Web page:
S v Mhiripiri (CRB 14 of 2018; HMA 28 of 2018) [2018] ZWMSVHC 28 (21 May 2018)


HMA 28-18

CRB 14/18






MASVINGO, 21 MAY, 2018


  1. Mr Chikukwa

  2. Mr Dauramanzi

Criminal Trial - Sentence

M. Tembo for the state

B.T. Hazangwi for the accused

MAWADZE J: The accused was initially facing the charge of murder as defined in s 47(1) of the Criminal Law (Codification and Reform) Act [Cap 9:23]. However, at the commencement of the trial both the state and the defence agreed that the charge of culpable homicide as defined in s 49 of the Criminal Law (Codification and Reform) Act [Cap 9:23] is the appropriate charge. The accused was thus duly convicted on his own plea of guilty of the charge of culpable homicide.

The agreed facts which inform the charge are as follows;

The 31-year-old accused is the son of the now deceased and they both resided at the same homestead in Taruvinga Village, Chief Nyamandi, Gutu, in Masvingo. The accused is married with a 9-year-old child in Grade 4. The now deceased was 69 years old.

On the fateful day on 5 September 2017 both the accused and the now deceased arrived home separately from a beer drink. They were both drunk. The accused proceeded into the now deceased’s bedroom and went on to lie on the now deceased’s bedding spread on the floor. This infuriated the now deceased who confronted the accused as to why the accused was lying on the now deceased’s bedding and also in his bedroom. A quarrel ensued resulting in a scuffle between the two. The accused got out of the now deceased’s bedroom and picked a “mususu” log from the goats’ pen. The accused threw the log at the now deceased hitting him below the left rib cage. The now deceased fell down and his wife and another son rendered first aid. This was in the evening. The now deceased’s condition deteriorated during the night and he passed on in the early hours of the next day on 6 September, 2017.

As per the post mortem report the cause of death is stated as “haemorrhage shock, retroperitoneal haematoma, ruptured left kidney, blunt trauma to abdomen and assault.”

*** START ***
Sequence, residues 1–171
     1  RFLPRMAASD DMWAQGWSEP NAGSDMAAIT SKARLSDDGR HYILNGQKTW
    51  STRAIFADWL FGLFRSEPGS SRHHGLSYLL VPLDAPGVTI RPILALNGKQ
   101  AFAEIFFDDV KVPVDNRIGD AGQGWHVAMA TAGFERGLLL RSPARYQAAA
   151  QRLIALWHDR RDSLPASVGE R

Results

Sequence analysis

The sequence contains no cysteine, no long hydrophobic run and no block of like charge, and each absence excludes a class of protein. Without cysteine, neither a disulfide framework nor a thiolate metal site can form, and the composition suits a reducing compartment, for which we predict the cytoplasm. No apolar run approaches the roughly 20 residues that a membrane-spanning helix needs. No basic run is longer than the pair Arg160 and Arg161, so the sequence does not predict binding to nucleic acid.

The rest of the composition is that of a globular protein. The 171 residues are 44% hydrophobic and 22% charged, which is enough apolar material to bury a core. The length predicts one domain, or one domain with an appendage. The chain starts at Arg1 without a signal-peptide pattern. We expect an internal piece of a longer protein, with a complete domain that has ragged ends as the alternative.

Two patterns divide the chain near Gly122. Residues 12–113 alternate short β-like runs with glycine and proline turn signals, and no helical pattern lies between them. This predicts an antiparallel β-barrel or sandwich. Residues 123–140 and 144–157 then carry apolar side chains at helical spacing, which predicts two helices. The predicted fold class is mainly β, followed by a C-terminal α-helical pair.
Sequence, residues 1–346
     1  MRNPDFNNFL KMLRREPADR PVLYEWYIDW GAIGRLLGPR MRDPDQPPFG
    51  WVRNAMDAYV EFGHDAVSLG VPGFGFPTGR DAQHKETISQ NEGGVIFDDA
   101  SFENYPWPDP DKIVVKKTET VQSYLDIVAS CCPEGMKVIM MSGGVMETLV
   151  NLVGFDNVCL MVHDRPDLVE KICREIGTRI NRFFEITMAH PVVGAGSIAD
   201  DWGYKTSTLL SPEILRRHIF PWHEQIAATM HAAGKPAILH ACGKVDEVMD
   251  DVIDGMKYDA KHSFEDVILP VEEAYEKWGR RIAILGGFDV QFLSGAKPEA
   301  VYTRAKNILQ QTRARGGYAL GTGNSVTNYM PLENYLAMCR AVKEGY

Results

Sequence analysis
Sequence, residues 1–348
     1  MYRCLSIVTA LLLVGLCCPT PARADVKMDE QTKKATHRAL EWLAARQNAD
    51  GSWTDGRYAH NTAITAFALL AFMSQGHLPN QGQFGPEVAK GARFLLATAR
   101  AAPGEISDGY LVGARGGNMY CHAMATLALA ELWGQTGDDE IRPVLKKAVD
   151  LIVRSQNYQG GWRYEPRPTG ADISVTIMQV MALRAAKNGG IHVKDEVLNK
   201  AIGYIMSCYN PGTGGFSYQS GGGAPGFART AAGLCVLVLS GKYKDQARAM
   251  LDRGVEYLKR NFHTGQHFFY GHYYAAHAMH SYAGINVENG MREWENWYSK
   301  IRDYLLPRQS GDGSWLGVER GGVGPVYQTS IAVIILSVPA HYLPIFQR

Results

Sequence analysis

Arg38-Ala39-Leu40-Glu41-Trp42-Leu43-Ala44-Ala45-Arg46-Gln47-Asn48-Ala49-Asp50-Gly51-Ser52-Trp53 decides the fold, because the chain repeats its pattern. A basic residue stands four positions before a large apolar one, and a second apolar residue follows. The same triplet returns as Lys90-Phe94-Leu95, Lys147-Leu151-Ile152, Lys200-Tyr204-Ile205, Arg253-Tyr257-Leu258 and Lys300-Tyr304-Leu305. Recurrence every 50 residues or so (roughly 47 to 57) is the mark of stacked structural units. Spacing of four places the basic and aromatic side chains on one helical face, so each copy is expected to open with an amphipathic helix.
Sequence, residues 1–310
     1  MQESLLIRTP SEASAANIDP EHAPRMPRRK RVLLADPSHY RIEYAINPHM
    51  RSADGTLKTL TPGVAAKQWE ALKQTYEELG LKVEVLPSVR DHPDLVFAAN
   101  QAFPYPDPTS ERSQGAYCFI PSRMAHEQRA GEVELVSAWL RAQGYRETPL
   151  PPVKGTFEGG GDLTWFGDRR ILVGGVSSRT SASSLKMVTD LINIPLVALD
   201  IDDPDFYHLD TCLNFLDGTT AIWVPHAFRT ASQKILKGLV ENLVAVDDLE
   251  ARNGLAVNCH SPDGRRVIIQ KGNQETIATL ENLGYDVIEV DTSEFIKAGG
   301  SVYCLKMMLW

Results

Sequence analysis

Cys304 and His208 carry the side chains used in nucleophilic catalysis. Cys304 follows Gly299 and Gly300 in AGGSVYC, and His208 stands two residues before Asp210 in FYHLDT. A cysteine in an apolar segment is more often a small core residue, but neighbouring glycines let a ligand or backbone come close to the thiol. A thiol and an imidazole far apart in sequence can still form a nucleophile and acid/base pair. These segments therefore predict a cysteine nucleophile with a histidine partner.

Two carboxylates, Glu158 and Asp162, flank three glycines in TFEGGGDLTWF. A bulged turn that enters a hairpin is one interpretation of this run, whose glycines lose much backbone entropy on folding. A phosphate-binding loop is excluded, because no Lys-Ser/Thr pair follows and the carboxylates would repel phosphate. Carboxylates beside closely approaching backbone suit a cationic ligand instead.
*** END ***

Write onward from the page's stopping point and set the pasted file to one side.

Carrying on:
In assessing the appropriate sentence, the court is alive to the prevalence of cases of this nature arising from needless violent conduct. This has resulted in the loss of life, a precious gift from God which cannot be replaced. This court has said times without number that it has the duty to uphold the sanctity of human life and that human blood is sacred.

It is saddening that in most cases such offences are committed as a result of very petty disputes and after consumption of alcohol. The lack of respect for human life is shocking to say the least. In this case one cannot believe that the now deceased lost his life due to a dispute over some bedding. This is an issue which could have been amicably resolved without resort to violence had the accused not taken leave of his senses. It is unheard of in our custom that the accused would decide to lie on his parents’ bedding let alone to lay his fingers on his own father moreso an old man. Indeed, voluntary intoxication is not a mitigatory factor as is provided for in s 221(2) of the Criminal Law (Codification and Reform) Act [Cap 9:23].

It is clear from the injuries inflicted that the accused used severe force on his aged father. This court has a duty to send out the correct message that such conduct would be met with the full wrath of the law. An exemplary and deterrent sentence is therefore called for.

The court has not lost sight of the mitigatory factors.

This is the accused’s first brush with the law hence he has the propensity to reform and desist from further crime. Indeed, he deserves to be treated with some measure of leniency.

The plea of guilty by the accused has immensely contributed in the swift disposal of this case. Less state resources have been expended. The witnesses have been saved from coming to court to testify. The matter has been disposed of within a short period of time. It is clear that the accused is contrite as he readily admitted to his wrongful and negligent conduct without raising fanciful defences.

The accused will forever live with the stigma that he caused the death of his own father. This is not an easy burden to carry. Society may be unforgiving. The accused’s family and siblings will always blame him for their father’s demise. This is some form of punishment.

It is important to note that the accused delivered a single albeit fatal blow. This was not a prolonged or sustained assault. Infact the accused threw the log at the now deceased. It is unfortunate that this single blow was fatal.

The accused has suffered from pre-trial incarceration form September 2017, a period of about 8 months.

After weighing both the mitigatory and aggravatory factors the following sentence is deemed to be appropriate.

6 years imprisonment of which 2 years imprisonment are suspended for 5 years on condition accused does not commit within that period any offence of which the use of violence upon the person of another is an element and for which the accused would be sentenced to a term of imprisonment without the option of a fine.

The effective sentence is 4 years imprisonment.”

National Prosecuting Authority, counsel for the accused

Chakabuda Foroma Law Chambers, pro deo counsel for the accused

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